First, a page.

With an A-list jury that included H&M Advisors Ann-Sofie Johansson and Margareta van den Bosch, actress and model Kate Bosworth, fashion designer Olivier Rousteing, photographer Nick Knight and blogger Chiara Ferragni, the H&M Design Award has finally a winner: Hannah Jinkins. The Swedish retailer’s jury, who had previously whittled down the competitors from 23 to 8, particularly enjoyed Jinkins’ workwear-inspired collection, as it explores “gender boundaries, denim culture and mending opposites” with a “raw and defined” style.
The competition, which took place in London on December 7th, 2015 and is now at its eighth edition, features a cool €50,000 in prize money, a year-long mentorship with the brand, as well as the possibility to develop and sell the winner’s key pieces at H&M. Hannah Jinkins, the 24-year-old London-native graduate from Royal College Of Art who won the award and managed to get a Japanese denim mill sponsor for this A/W 2015 collection of hers, is understandably on cloud nine at the moment, saying she will be excited to see “how things can be commercialized. It’ll be nice to see how people can wear [the collection] on an everyday basis.” Her future plans? To invest the money in her own brand, working on her next collection and maybe “to buy a puppy”.
“It is a really experimental collection to me, where I explored gender boundaries, mending techniques and creating balances between the masculine and the elements of feminine luxury. Denim, the denim industry and the culture surrounding it was a big inspiration when creating the collection. I looked a lot at work wear too,” declared Jinkins.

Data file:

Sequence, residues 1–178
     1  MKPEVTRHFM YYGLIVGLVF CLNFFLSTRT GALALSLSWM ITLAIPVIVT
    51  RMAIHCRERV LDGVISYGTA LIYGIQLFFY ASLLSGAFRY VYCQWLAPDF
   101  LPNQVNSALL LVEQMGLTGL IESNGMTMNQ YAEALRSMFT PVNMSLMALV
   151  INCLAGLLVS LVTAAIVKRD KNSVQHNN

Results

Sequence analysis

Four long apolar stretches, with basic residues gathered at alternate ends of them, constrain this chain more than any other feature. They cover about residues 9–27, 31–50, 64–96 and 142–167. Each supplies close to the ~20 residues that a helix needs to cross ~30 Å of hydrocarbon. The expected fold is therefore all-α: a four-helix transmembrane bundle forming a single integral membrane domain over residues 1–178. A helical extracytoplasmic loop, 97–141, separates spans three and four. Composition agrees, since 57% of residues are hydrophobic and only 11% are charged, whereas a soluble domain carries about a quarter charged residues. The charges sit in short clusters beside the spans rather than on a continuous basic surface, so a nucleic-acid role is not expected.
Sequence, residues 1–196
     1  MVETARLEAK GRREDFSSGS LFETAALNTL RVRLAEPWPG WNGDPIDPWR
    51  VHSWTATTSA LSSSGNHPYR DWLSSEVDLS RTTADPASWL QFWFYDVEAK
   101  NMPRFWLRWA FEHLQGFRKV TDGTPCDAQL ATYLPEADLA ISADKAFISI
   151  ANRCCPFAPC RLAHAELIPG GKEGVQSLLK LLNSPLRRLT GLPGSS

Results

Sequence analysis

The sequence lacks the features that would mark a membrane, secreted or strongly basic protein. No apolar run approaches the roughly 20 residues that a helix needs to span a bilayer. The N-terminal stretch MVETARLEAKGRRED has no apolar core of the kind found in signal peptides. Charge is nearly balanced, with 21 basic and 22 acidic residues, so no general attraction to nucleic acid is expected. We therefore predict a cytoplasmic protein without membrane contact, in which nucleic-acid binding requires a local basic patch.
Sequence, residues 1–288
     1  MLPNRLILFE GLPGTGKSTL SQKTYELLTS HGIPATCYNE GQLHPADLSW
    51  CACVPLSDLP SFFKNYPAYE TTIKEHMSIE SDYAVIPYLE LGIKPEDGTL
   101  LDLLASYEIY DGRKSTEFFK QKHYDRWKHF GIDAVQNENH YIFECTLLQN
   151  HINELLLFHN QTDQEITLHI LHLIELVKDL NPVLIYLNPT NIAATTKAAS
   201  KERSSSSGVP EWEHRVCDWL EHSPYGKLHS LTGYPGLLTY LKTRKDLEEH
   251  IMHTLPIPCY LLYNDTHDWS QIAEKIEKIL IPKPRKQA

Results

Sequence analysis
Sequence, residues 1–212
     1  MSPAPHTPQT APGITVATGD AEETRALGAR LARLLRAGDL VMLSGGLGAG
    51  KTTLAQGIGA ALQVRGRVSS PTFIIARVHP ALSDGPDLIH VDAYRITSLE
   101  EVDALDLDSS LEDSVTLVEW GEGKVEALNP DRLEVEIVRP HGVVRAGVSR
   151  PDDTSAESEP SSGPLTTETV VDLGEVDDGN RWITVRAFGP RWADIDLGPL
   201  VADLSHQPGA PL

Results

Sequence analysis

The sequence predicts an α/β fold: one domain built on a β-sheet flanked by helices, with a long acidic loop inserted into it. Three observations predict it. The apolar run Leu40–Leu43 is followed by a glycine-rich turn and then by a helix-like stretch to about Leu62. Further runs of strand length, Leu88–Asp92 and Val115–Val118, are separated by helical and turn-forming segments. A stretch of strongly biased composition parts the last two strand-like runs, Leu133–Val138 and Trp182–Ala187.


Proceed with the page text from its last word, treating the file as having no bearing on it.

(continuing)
As for the jury, the members have nothing but kind words of encouragement for this young talented designer. H&M creative advisor Margareta van der Bosch stated that the Swedish brand is “not looking for something commercial at this point,” and that it’s all a matter of aesthetics. “If you have ideas, you can always make something out of it,” thus celebrating Jinkins’ sense of style and creativity.
Kate Bosworth praised Jinkins’ attention to details, keen eye for innovations and hard work, stating that: “Hannah is really brilliant. She has the ability to balance so many difficult things, like the raw with the refined, or something very grown up with something more youthful. I found choosing the winner of the H&M Design Award very difficult, because the calibre of the finalists is up there with the best in fashion. […] I was very interested in Hannah’s process. She’s been trying the clothes on lots of different women, basing the fit of her garments on their feedback. I loved the shapes and even though she’s been currently working a lot with denim, her techniques can also be applied onto luxury fabrics.”
As for the other finalists, five of eight have all graduated from London Design School, while the rest come from different educational backgrounds. There was Patrik Guggenberger, from Stockholm’s Beckmans College, Chung from Sadi from design school in Seoul and Long Xu from the New School’s Parsons School of Design. The other London-based finalists were Milligan Beaumont, Jemma Beech and Gabriel Castro, and Ka Wa Key Chow.
Photos courtesy of H&M